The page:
According to US authorities, North Korean hackers have increasingly targeted the cryptocurrency sector to earn revenue in the face of international sanctions. Fraudsters have used a variety of tactics, from impersonating non-North Koreans in job interviews to installing ransomware, in order to generate revenue, researchers have found. Anne Neuberger, the US deputy homeland security adviser for cyber and emerging technologies, said in July that money stolen through hacking makes up about a third of the funding for Pyongyang’s weapons development programs.
The US Federal Bureau of Investigation last week blamed two North Korean cybercriminal groups for stealing $100 million in a June heist of the Harmony Bridge cryptocurrency service. The Lazarus Group, a specialized hacking unit that the FBI says is associated with North Korea’s General Reconnaissance Office, also stole some $600 million in March from a blockchain network connected to the popular video game Axie Infinity, according to US authorities reported.
Investigators later said they had recovered some $30 million that was stolen in the Axie Infinity heist, in what Chainalysis said was the first seizure of funds stolen by North Korea-linked hackers.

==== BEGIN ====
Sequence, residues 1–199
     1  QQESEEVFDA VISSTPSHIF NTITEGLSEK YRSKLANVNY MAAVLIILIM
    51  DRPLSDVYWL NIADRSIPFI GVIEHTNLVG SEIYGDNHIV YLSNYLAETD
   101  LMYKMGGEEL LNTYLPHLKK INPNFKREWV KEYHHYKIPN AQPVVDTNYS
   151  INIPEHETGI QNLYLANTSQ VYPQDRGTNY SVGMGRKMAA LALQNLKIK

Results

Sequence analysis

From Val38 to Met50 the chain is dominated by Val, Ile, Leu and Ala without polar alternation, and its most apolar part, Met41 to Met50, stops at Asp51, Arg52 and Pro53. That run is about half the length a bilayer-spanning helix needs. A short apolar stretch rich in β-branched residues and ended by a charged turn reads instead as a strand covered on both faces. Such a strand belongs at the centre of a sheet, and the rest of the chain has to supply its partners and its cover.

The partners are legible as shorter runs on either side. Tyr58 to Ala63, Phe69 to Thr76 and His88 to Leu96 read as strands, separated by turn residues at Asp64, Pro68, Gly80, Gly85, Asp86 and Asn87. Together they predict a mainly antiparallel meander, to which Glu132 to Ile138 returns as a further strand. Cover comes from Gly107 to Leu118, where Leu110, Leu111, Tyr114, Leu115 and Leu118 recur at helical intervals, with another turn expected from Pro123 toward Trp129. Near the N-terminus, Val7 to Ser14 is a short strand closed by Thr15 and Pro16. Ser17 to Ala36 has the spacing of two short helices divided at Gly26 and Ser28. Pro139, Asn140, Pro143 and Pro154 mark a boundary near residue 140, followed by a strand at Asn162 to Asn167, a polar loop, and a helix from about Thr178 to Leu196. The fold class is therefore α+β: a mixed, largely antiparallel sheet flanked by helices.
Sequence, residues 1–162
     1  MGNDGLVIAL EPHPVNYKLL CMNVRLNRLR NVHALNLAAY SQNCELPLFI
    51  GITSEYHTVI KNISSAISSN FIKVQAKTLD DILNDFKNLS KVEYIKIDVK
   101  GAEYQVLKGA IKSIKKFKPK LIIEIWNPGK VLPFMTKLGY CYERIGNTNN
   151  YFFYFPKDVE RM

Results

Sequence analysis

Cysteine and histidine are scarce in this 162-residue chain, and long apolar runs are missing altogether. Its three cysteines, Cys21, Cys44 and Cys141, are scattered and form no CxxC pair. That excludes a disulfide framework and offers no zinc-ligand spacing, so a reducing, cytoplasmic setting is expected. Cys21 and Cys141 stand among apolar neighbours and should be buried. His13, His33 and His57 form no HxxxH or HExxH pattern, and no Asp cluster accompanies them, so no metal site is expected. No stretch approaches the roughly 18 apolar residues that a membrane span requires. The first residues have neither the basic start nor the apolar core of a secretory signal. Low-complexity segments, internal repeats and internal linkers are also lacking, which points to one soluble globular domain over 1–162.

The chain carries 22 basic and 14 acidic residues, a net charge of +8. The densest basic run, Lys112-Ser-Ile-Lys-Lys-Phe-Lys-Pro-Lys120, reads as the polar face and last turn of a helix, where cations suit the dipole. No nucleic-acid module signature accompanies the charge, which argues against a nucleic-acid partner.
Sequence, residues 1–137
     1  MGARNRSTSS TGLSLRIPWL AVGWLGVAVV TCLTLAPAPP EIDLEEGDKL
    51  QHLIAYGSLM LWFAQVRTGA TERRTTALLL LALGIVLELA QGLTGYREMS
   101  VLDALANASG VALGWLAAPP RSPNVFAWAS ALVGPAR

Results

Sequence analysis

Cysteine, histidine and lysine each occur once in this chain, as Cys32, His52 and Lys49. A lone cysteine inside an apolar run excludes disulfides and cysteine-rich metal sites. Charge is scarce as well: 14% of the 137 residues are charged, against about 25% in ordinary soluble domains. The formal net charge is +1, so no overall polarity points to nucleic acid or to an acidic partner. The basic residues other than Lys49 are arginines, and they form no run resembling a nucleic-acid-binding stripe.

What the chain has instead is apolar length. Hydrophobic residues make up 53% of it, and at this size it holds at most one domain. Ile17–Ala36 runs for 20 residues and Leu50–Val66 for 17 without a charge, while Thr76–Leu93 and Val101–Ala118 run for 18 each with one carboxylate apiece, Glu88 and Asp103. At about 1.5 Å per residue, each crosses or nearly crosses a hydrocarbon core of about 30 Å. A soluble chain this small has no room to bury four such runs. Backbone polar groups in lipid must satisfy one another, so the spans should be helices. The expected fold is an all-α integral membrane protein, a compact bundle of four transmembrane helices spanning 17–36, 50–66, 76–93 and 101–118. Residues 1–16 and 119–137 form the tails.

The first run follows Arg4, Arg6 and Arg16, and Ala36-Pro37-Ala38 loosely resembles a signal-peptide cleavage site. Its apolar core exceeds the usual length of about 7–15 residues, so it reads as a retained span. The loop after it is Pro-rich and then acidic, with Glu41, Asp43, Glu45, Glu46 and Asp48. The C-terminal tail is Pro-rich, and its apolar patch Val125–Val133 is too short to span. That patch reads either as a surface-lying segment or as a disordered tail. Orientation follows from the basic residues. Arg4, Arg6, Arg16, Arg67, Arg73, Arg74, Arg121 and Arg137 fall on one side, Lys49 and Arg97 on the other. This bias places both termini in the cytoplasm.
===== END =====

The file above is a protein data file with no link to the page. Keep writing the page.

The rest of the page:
“While North Korea-linked hackers are undoubtedly sophisticated and pose a significant threat to the cryptocurrency ecosystem, the ability of law enforcement and national security agencies to strike back is growing,” Chainalysis wrote. Following the recovery of Axie Infinity, “we expect more such stories in the coming years, largely due to the transparency of the blockchain. When every transaction is recorded on a public ledger, it means law enforcement always have a trail to follow, even years after the fact, which is invaluable as investigative techniques improve over time.”
The report revealed that suspected North Korean groups heavily relied on mixing services, which allow their transactions to be masked, to launder stolen cryptocurrencies. Hackers almost exclusively used Tornado Cash to launder digital money until the US Treasury Department sanctioned the service in August.
Of all the cryptocurrencies stolen last year, $3.1 billion came from decentralized finance, or DeFi, protocols, according to Chainalysis. Attackers exploited hard-to-detect digital vulnerabilities in the DeFi infrastructure that underpins crypto projects, with a focus on bridging services. Of the $3.1 billion stolen from DeFi services, 64% came from interchain bridges, which allow users to convert one cryptocurrency into another, Chainalysis observed.